By Maj Gen Ashok Kumar, VSM (Retd)
There are multiple critical reforms which are needed in the Defence forces to make them future ready for the coming generations of war. Chief of Defence Staff (CDS) has been one such critical need.
The need for this appointment was highlighted time and again by various experts committees but it was not done despite coming quite close to this appointment being made in the past. The real change took shape when the PM announced from the Red Fort on 15 Aug 2019 that the defence forces will have a CDS shortly. As a follow up, the Government deliberated on the role and charter of CDS and it was on 01 Jan 20 that Gen Bipin Rawat assumed the appointment of CDS having completed his tenure as COAS.
He had two hats, one of CDS as well as that of the Secretary DMA and embarked on Theaterisation in a desired manner. He died on 08 Dec 21 in a tragic manner in a helicopter crash near Wellington along with his wife and other colleagues and staff. While this was a sudden and disastrous event, it was natural for the Government to take some time to deliberate on his successor, however, despite a crying need, it has taken the Government close to six months to announce the CDS whereas a country facing wars on two fronts and with the LAC standoff continuing, it reflects poorly on the decision making capabilities of the Government under adverse conditions.
Delay in appointment started getting linked to Gen MM Naravane retiring on 30 Apr 22 and then being nominated as CDS but it did not happen. Not only this, rumours were abuzz about the appointment of the CDS and secretary DMA being separated. While multiple conjectures were being made in the absence of clear cut inputs from the Government, in a sudden move (or a well thought out move), Government has amended Army, Navy and AF rules on 06 Jun 22 wherein Lt Generals of Army and equivalent from Navy and AF have become eligible for this appointment in addition to Generals of the Army and equivalent from Navy and AF. This indicates that the basic concept of planned Theatre Command coming under CDS is not likely to happen and the appointment may remain ceremonial if a Lt General is appointed as CDS as inter rank relations with the service chiefs will definitely create substantial functional problems.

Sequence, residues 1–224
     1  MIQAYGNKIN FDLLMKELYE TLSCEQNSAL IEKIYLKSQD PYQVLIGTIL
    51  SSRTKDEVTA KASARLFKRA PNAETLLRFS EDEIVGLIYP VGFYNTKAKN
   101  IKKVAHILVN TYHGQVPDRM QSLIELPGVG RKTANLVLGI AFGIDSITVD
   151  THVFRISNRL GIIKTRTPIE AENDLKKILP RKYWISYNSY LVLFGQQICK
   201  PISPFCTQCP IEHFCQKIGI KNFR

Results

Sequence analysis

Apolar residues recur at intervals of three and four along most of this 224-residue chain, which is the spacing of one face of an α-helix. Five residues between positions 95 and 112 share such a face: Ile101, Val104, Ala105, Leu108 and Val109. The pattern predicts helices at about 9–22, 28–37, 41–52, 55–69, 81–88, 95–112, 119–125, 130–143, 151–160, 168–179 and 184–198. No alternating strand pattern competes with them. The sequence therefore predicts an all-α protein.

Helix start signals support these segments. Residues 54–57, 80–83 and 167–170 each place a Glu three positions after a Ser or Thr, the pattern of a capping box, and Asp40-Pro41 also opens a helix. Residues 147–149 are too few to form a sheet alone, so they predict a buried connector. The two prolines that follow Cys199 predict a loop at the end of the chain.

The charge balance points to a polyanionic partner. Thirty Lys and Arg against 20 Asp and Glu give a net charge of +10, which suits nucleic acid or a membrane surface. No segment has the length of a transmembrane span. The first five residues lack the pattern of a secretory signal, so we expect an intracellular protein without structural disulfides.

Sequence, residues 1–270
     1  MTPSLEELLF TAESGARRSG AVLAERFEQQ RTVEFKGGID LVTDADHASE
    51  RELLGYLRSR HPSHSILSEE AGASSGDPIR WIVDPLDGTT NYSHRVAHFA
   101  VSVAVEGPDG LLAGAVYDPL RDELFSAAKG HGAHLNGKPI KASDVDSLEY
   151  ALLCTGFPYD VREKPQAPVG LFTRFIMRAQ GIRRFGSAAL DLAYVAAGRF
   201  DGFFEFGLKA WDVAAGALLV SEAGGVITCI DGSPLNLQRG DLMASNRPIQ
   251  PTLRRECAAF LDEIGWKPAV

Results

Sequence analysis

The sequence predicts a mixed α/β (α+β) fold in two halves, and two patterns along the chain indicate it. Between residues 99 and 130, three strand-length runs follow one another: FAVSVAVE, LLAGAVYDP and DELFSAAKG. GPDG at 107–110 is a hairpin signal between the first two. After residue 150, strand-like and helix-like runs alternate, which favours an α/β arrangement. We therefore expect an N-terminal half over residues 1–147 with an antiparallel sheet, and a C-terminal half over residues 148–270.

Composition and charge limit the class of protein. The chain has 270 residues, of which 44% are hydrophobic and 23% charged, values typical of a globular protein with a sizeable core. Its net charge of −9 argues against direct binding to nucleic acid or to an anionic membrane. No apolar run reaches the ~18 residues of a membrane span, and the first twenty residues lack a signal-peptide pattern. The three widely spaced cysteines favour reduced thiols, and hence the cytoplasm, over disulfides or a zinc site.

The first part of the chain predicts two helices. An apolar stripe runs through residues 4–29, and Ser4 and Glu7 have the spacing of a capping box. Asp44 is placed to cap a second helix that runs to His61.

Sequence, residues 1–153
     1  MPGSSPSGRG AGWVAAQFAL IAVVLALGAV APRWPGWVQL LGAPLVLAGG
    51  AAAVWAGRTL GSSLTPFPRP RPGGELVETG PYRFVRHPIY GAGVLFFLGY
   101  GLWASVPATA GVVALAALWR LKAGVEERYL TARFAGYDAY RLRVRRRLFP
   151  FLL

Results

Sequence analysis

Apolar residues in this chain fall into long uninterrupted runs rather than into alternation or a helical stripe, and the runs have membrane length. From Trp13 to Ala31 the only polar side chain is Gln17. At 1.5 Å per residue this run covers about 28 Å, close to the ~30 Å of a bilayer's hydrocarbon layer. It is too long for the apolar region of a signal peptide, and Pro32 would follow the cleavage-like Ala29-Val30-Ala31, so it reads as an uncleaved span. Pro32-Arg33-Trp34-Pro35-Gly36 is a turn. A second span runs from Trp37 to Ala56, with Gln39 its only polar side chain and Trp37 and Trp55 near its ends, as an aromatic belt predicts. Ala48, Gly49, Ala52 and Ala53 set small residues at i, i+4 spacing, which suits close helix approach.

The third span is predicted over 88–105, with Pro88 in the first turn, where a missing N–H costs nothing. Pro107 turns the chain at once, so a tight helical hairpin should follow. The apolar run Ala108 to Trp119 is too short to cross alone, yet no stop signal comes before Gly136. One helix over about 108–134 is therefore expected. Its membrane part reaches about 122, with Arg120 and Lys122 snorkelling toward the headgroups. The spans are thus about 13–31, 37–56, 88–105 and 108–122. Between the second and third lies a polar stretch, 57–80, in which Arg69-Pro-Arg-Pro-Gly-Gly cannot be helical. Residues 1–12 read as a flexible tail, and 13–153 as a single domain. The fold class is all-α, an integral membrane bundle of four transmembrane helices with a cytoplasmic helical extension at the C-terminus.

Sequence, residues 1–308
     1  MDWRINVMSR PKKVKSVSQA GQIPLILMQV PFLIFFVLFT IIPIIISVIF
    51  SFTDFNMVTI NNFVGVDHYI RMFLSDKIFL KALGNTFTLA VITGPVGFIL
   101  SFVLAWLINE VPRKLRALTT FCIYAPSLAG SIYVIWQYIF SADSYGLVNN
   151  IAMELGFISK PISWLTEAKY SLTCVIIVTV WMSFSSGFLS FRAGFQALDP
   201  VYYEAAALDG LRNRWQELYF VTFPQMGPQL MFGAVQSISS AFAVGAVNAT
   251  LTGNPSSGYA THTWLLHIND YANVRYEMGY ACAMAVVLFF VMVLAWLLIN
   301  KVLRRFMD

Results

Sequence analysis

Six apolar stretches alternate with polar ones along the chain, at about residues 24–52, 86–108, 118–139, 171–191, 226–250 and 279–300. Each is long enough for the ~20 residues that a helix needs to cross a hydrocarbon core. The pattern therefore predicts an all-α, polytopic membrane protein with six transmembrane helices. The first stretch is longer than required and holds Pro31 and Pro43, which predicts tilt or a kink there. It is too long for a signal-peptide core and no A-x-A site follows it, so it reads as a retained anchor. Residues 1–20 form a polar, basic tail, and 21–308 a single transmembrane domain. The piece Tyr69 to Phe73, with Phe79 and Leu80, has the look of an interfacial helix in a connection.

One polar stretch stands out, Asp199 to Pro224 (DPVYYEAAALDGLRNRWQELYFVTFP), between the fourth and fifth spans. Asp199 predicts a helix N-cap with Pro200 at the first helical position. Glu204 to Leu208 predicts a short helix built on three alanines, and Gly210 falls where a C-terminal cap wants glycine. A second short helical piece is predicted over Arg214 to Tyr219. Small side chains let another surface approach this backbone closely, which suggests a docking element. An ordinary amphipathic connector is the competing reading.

As the amendment would not have been adequate, another condition of age not being more than 62 years has been put. It simply means that no service chief gets appointed as a CDS ever as their retirement age is 62 years. Only option to appoint a service chief as CDS remains valid if he is appointed while still in service. If some service chief is appointed while in service, the timing will be subject of political maneuvering, however, it is hoped that the Government’s decision will be as to what is best for the country.
While there is no reason to highlight apprehensions on the intent of the Government, the amended rules leave a large scope for arbitrary selection. Tour of Duty (TOD) announcement due on 08 Jun 22 as learnt from the media has been postponed and who knows that the Government will utilise this appointment to declare the amended norms of TOD. What happens on these issues will decide the way Armed Forces will proceed but one thing is very clear, with the LAC standoff continuing and with the changing world order, India has limited time to course correct restructuring of its Armed forces. Theaterisation and real purpose of CDS have been negated once again for days to come.
(The author is a Kargil war veteran and defence analyst. He is a visiting fellow of CLAWS and specializes in neighbouring countries with special focus on China. He tweets @chanakyaoracle Email: firstname.lastname@example.orgViews expressed are personal and do not reflect the official position or policy of Financial Express Online. Reproducing this content without permission is prohibited).